The thing I really like about writing this Blog is that I get to learn about a lot of really Great People. The first thing I do when I turn on my computer in the morning is to read the latest news. And by the time I have done that, my spirits are usually pretty low. But one of the last things I do before I shut my computer down in the evening is to write about some Wonderful group of people that is working to make a difference in the world.
When I wrote about Computers For Africa on the 20th of July, I was (and still am) impressed by the very straightforward manner in which they go about contributing of themselves for the benefit of others. Since writing about Computers For Africa, I have been directed towards another group: "Computers for Uganda" whose work is just as inspiring.
Computers for Uganda describes themselves in this way:
Computers for Uganda is a non-profit organization which is a part of Emrald City Rotary's Computers for the World organization."
So far, so good, but then comes the really surprising part!
"We're made up of a group of high school students from Mount Si High School, Forest Ridge School of the Sacred Heart, and other local schools in the Puget Sound area of Washington State."
BAM! My spirits were lifted higher than they were before I read the morning news. Here is a Great group of High School Kids out there Making A Difference.
These High Schoolers meet for nine months to learn about Uganda, collect computers, and refurbish them. But they also learn and practice troubleshooting potential installation problems and cable making, and to practice teaching techniques on using and maintaining the hardware.
Additionally, they create simple guides for the use of the computers.
That's quite a lot of activity for folks that are also carrying a full academic load, but it does not stop them from also engaging in fundraising activities, conduct clothing drives, and learning to work together as a team. When they travel to Uganda, they do so as a Team.
How can you not respect a group of young folk like this?
Last week, Computers for Uganda left Washington State for its Third trip to Uganda taking 140 computers with them. Their first trip was in 2003 and since then, they had delivered 130 computers to nine secondary schools in the Masaka district in southern Uganda. The nine schools that previously received the computers for Computers for Uganda were both private and government run.
The 140 computers being delivered to Uganda this year will be used to set up computer labs in 9 schools in Uganda's Masaka District as well.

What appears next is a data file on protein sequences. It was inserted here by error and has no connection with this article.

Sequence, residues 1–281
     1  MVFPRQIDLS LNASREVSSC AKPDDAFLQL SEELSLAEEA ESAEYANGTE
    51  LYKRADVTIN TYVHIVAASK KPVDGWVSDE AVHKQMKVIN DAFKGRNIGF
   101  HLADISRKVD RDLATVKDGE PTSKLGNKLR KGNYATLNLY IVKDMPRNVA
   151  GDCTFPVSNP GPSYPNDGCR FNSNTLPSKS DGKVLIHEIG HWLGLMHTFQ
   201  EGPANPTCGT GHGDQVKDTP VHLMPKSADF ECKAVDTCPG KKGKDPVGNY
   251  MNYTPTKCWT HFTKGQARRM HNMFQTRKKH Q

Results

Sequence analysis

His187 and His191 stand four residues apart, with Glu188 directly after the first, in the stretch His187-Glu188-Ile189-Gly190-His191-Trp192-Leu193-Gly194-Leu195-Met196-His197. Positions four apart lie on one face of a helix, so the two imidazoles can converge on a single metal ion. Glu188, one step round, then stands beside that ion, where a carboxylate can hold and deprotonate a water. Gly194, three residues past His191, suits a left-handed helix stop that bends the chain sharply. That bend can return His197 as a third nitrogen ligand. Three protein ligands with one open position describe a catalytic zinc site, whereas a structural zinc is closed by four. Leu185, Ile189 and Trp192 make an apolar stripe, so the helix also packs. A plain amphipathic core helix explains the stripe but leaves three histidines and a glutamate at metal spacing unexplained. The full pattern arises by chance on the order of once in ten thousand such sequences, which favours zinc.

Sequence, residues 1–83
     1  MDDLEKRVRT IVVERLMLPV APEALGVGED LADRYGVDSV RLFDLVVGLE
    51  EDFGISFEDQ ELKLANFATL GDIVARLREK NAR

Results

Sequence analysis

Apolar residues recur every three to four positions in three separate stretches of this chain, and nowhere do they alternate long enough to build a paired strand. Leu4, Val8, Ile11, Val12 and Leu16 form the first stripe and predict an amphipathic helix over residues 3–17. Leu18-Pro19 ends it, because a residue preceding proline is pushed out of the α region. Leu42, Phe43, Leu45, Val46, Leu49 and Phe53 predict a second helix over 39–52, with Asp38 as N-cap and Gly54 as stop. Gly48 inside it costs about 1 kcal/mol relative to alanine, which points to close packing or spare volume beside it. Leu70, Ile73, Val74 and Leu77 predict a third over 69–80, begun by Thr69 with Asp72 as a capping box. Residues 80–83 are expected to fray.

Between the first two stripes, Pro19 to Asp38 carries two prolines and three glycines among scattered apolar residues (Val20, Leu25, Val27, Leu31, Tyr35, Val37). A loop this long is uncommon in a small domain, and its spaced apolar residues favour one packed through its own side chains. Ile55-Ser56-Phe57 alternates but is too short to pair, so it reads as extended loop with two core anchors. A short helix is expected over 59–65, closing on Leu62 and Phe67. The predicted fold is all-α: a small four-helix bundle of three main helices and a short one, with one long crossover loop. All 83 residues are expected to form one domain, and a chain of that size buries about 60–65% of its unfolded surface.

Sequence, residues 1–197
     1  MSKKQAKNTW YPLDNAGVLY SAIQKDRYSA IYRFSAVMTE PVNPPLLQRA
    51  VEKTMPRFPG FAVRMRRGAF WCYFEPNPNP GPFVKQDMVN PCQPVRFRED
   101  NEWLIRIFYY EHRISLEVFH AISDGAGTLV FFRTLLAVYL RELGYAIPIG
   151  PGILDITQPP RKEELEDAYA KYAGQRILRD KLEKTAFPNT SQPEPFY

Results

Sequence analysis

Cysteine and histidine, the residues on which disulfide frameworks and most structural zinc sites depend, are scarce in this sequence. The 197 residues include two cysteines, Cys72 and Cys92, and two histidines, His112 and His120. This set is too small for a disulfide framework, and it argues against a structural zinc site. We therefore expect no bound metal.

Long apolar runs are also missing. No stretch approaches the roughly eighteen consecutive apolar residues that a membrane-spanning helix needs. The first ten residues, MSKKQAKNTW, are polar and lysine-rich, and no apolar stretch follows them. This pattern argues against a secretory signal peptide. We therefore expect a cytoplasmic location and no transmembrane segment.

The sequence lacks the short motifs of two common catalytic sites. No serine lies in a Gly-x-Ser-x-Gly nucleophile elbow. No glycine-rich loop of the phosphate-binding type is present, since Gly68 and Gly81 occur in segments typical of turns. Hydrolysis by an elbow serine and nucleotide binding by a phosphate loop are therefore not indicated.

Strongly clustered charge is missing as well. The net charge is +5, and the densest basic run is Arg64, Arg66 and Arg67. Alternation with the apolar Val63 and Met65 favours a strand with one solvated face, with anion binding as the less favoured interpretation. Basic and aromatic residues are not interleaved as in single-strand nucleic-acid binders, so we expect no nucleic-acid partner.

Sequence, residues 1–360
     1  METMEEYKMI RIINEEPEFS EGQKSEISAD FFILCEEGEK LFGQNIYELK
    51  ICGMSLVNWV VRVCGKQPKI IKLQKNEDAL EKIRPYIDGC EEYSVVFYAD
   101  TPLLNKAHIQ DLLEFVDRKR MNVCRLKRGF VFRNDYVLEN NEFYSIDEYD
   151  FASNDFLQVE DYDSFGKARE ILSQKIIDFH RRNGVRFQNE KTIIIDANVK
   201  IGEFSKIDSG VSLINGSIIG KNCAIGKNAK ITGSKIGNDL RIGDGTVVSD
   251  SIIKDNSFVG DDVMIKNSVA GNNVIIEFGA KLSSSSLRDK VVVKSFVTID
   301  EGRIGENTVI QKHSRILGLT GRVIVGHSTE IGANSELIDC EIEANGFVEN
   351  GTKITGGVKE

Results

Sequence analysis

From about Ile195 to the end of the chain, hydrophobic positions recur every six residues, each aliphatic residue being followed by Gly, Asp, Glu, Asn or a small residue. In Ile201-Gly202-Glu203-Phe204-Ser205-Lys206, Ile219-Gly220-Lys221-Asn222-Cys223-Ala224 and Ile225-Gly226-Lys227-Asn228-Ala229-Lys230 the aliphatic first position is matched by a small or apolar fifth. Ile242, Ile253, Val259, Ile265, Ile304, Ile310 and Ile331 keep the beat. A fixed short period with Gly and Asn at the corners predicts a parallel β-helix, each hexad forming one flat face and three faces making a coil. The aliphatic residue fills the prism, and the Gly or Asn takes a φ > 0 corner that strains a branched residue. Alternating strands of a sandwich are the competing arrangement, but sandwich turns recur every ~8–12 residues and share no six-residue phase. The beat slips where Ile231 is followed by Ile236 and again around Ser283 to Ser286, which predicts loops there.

The group proudly reports that:
"Of the four original schools receiving computers in summer 2003, three schools have extended the use of the computer labs to the local community. This cross-purpose use of the facilities occurs in the evenings, on weekends, and during school holidays. One of the schools has established a partnership with World Vision. In exchange for use of the facilities, World Vision helps to underwrite the costs of a technology teacher salary and related costs, e.g., electricity. At another school eight students studying to sit the "O Level" Exam in Computer Science."
These guys are leveraging resources and networking better than many organizations that claim to have "Old Hands" in the non-profit sectors on board.
Simply stated, Computers for Uganda's vision is "to deploy technology in secondary schools in rural Uganda in order to empower young people with hands-on skills and opportunities to grow in technical careers."
They say that they chose Uganda as a recipient country because it is one of the twenty most poverty stricken countries in the world and has suffered greatly from upheavals, poverty, poor health delivery systems and illiteracy. They also state that they chose Uganda because the current government is committed to education and acknowledges the need for the acquisition of IT skills, but lacks sufficient resources to fully implement such a program.
The Project conducted by Computers for Uganda is a partnership with Rotarians, Computers for the World, local businesses, individuals, and students from Forest Ridge School of the Sacred Heart, Mount Si High School and other Washington State public high schools, and the government of Uganda. It is designed to bring technology to schools in the Masaka district in southern Uganda.
The nine recipient schools range in size in student population from 700 to 2200 and each strives to enhance the education of women by maintaining the female student population of the school at at least a 50% of the total.
One of the goals of the Computer for Uganda teams is to build a relationship with the schools in Uganda "that one day will grow into an electronic connected community." And while they are in Uganda they visit the former recipient schools, install computers and train the Ugandan students on the use of applications. And of course, the team members get to experience the local culture first hand during the three weeks that they are there.
Before they leave for Uganda the team members and their families get together to establish a "home communication system" so the folks back home can stay informed of the team's activities.
The Ogranization's web site has a "Journal" page where the team members post writings about their daily experiences while in Uganda. The Journal is posted here:
Visiting Computers for Uganda's web site was more refreshing for me than reading "Chicken Soup For The Soul" (A popular inspirational book in the U.S.). I highly recommend going there to get your spirits lifted and your faith in humanity reinforced. They can be found at:
AND HERE'S WISHING THE COMPUTERS FOR UGANDA TEAM 2005 A WONDERFUL TRIP!!